Period cramps sometimes turn too much to bear further impeding us from performing our day-to-day tasks. And, here’s good news for ladies who experience pains throughout the menstrual flow!
A study says that treadmill exercise regime can reduce period pain and improve long-term quality of life.
According to the study, the researchers conducted a trial over a seven-month period to see how treadmill exercise helped women going through primary dysmenorrhea, commonly known as menstruation pain.
"Women who have painful periods often take steps to actively avoid exercise - after all when you are in pain it is often the last thing that you want to partake in," said Leica Claydon-Mueller, Professor at Anglia Ruskin University.
For the study, published in the journal Contemporary Clinical Trials, women aged between 18-43 were asked to take part in a supervised aerobic training regime three times a week for four weeks, beginning the day after the end of their menstrual period, followed by an unsupervised home workout for six months.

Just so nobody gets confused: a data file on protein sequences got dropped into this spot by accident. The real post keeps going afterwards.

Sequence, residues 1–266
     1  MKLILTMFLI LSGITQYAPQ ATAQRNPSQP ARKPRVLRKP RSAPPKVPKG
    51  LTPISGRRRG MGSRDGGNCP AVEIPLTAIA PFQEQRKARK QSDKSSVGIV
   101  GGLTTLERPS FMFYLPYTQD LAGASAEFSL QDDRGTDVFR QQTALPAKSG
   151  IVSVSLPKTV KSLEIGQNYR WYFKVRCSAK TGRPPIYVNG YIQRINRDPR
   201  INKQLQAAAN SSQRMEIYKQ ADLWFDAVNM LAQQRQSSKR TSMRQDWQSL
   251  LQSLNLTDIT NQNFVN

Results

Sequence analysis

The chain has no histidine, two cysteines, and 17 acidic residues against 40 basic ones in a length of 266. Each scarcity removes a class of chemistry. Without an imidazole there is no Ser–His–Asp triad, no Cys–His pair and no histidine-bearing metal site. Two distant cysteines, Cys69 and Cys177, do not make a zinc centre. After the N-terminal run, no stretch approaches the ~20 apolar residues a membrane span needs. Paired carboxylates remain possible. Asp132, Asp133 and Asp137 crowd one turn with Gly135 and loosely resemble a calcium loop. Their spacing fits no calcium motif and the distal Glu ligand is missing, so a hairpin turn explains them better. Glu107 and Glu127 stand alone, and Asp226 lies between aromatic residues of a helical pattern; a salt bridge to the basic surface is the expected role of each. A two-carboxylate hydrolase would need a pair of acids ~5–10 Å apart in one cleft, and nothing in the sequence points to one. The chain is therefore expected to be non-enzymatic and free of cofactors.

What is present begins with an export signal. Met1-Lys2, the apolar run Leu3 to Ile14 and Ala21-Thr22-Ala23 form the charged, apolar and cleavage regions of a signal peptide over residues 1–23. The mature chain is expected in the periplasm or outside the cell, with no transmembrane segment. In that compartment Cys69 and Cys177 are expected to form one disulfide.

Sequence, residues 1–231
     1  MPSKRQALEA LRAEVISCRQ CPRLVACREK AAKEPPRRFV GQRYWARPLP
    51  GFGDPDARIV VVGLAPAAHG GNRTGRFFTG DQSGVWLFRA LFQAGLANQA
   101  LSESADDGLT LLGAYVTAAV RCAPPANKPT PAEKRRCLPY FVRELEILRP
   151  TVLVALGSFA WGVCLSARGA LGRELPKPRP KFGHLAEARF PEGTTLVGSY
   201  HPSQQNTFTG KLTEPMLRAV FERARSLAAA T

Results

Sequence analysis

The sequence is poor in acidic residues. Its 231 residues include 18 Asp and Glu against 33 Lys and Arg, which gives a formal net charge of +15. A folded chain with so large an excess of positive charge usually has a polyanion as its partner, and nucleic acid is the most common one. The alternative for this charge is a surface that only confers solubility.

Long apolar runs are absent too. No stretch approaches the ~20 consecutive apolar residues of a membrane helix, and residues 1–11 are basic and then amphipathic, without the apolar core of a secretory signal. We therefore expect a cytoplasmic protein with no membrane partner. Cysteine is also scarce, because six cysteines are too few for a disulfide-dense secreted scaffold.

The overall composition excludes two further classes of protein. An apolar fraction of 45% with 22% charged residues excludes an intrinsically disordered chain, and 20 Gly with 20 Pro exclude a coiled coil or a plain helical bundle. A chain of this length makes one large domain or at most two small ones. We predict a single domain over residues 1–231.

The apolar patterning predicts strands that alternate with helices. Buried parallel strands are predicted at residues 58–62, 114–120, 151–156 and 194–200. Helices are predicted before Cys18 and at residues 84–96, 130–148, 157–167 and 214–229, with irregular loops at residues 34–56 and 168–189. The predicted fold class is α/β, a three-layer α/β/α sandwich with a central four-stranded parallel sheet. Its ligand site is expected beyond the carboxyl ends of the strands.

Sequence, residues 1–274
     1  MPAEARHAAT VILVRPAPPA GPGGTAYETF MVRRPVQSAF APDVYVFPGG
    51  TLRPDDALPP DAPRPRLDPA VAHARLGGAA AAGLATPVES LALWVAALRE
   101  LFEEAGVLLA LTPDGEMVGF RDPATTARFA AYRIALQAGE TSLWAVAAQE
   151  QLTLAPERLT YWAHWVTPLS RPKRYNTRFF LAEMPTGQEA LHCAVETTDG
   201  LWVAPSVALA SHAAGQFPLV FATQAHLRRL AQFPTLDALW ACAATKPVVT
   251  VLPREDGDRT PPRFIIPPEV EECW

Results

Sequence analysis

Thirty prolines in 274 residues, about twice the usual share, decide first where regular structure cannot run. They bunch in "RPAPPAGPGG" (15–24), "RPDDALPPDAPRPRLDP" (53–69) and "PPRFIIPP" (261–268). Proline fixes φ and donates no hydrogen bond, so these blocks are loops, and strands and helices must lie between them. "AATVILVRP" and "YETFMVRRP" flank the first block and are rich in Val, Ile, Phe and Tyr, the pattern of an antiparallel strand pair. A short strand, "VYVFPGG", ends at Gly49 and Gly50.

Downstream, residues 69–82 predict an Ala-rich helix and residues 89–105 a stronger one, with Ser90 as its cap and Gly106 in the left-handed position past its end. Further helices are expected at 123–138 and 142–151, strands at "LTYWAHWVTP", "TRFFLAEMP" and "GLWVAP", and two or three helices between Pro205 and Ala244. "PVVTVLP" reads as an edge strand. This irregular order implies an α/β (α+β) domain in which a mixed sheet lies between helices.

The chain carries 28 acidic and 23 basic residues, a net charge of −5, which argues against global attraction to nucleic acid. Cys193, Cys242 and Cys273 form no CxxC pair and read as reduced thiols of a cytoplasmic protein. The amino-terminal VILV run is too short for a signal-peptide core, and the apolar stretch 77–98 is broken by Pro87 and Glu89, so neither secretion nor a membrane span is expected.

The results were compared with a control group, who carried out their regular regimes.
The study found that the women who participated in the supervised exercise reported 6 percent less pain after four weeks and 22 percent less pain while continuing the exercise for an extra six months.
Significant benefits of exercise were reported after the seven-month reporting period for other study measures, including a higher quality of life and improved daily functioning.
However, following the trial, the participants did not report any increase in sleep quality.
According to the researchers, the study examined the effect of treadmill exercise on measures such as sleep quality, pain intensity, and overall quality of life.
This trial showed that exercise significantly reduced pain for those people participating in the program and they also reported reduced pain levels after four and seven months.
"The improvements in quality of life scores after seven months were noteworthy, although it was perhaps surprising that there was no significant difference in sleep quality to that of the control group," said Indian origin researcher Priya Kannan from Hong Kong Polytechnic University.
By Sowmya Sangam